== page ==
A beginner's guide to sex

When’s the right time for your first time? The answer to that is different for everyone, but one thing’s for sure: you don’t have to rush. Sure, maybe your mate reckons they’ve already done it at least three times, but that doesn’t mean you’re playing catch-up. 

Besides, they’re probably not getting that much action anyway. Figures from relationship charity OnePlusOne reveal most young people overestimate the amount of sex their friends are actually having. Just because someone says they’re doing it doesn’t mean they actually are.

For some people, sex will happen after a couple of dates, for others, it won’t be until they’ve said their vows. Most of us fall somewhere in between the two once we have established a relationship with someone we feel intimate and comfortable enough with to take it to the next level.

Am I ready for sex?

Maybe you’ve decided you’re ready for sex or maybe you’d rather wait. Either way, if you’re in a relationship, then talk to your partner about it. Chat about how you feel and whether you are both ready as well as about practising safe sex. Sounds like an awkward conversation? It might be a bit weird at first, but if you don’t feel able to have such a conversation then it might just be a sign that you should wait a bit longer. Ultimately, only you can decide if the time is right.

Reasons why you might be ready to lose your virginity

  • You feel emotionally ready
  • You’re in a committed relationship
  • You’re curious about sex
  • You are in love
  • You think it will feel good
  • You understand how it works and are ready to practise safe sex
  • The thought of sex is exciting and interesting
  • You’re looking forward to experimenting with sex

Reasons why you might wish to wait:

  • You feel pressurised into having sex
  • You don’t feel emotionally ready
  • All your friends are doing it
  • Religious or cultural reasons
  • You’re only casually dating
  • You don’t think you’ve found the right person
  • The thought of sex makes you feel anxious not excited
  • You don’t want to look immature
  • Your partner tells you, “If you loved me you would”
Condom

What can I expect?

There are plenty of myths surrounding first-time sex and it is important to know the facts before you go for it. 

Myth One – The first time will be perfect

Television and films have a lot to answer for, creating romantic scenes of candle-strewn rooms, soft satin sheets, lilting music and a memorable experience that will last a lifetime. In reality though, not everyone’s experiences are so great. Some people will find sex fun and comfortable from the off, for others it might be awkward. Don’t be embarrassed if it does seem a bit weird, especially afterwards. It’s good to talk it through with your partner and explore your feelings so the next time round it is better.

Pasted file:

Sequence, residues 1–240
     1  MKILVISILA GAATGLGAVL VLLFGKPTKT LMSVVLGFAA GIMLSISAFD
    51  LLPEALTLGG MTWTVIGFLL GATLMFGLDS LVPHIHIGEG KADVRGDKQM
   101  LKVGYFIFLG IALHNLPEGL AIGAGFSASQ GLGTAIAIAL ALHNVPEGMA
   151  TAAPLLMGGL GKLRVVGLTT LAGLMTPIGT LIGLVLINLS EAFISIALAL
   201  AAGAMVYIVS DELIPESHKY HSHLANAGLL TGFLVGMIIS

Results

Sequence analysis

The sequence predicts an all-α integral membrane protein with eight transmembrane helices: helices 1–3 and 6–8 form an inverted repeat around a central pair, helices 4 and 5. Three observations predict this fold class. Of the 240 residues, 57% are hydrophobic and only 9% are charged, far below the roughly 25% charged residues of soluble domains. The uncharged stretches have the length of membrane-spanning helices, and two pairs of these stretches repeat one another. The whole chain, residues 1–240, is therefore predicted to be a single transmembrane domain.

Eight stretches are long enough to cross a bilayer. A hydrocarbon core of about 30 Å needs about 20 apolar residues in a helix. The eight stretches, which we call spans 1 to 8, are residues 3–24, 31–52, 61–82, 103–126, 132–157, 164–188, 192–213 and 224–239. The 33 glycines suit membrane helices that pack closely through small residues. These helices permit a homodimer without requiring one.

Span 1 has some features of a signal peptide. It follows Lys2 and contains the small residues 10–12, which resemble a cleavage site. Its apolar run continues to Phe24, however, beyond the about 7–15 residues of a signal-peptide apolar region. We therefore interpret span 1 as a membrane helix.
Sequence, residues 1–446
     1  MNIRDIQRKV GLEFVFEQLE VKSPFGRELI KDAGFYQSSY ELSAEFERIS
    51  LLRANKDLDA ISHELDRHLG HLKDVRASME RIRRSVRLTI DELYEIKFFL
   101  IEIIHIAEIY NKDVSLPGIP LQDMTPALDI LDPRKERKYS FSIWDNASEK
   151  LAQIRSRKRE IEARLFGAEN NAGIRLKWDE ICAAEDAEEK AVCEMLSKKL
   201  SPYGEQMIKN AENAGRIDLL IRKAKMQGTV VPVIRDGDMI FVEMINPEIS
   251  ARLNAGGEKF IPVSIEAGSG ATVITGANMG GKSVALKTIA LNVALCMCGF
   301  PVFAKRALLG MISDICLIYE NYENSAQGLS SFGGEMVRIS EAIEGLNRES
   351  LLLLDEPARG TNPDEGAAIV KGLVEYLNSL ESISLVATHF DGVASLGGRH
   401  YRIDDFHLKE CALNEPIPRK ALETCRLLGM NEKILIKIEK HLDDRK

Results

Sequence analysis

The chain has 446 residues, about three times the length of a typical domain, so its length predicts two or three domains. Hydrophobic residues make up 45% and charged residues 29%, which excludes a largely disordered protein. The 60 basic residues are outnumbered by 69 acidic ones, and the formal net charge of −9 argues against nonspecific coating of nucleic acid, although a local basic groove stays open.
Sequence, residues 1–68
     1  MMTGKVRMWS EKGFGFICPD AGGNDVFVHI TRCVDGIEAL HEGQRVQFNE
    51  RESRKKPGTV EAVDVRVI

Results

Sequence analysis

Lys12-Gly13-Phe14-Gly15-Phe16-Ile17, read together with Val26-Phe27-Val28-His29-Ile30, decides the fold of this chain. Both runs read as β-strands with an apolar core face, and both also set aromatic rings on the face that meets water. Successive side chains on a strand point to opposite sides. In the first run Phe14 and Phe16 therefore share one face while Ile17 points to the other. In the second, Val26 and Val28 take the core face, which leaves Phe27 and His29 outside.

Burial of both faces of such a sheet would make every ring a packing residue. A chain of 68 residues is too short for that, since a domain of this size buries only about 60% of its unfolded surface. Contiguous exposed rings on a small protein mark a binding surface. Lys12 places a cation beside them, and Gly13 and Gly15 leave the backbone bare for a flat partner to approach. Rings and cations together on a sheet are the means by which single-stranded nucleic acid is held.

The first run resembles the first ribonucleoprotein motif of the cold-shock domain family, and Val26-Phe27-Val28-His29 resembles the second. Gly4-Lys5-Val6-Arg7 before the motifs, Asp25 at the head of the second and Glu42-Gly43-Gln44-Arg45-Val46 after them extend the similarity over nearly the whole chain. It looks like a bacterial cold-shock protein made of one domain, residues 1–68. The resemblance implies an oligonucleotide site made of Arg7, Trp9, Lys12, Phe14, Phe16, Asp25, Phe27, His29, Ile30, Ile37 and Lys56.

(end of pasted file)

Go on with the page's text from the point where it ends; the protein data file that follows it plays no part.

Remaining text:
Myth Two – First time sex hurts

For some, sex will be pleasurable straight away, for others it might be a little uncomfortable or even painful, particularly for women, though this shouldn’t last long. If you do find it is painful it might be because you are nervous so try to relax, or you may need more lubrication. Make sure you are in an environment where you feel comfortable as well. If it’s still hurting, stop and talk to your partner. Pain during sex shouldn’t last and you may need to try a different position, ask your partner to take a break or get them to go slower.

Myth Three – You can’t get pregnant or an STI on your first time

It’s a common but dangerous myth that you can’t get pregnant or catch an STI the first time you have sex. You can, so it’s important to protect yourself during sex. The contraceptive pill, IUD, implants or injection will all protect you against pregnancy. They won’t however, protect you from STIs such as chlamydia, gonorrhoea, herpes or HIV.

Condoms will help protect you from STIs as well as pregnancy and won’t diminish the enjoyment you get from sex so the safest thing is to use one.

How will it change my relationship?

If you’re in a committed relationship, sex can add a new dimension to it, both physically and emotionally. Not only does it give you a physical sense of satisfaction and wellbeing, it can also increase the intimacy between you and your partner.

It may also stir up a whole host of emotions. It’s perfectly normal to experience unexpected emotions, such as guilt or worry. Losing your virginity is a big change and one which might take some time to adjust to. If you feel like this, talking to your partner can help. If not your partner, then close family or friends can offer you reassurance too.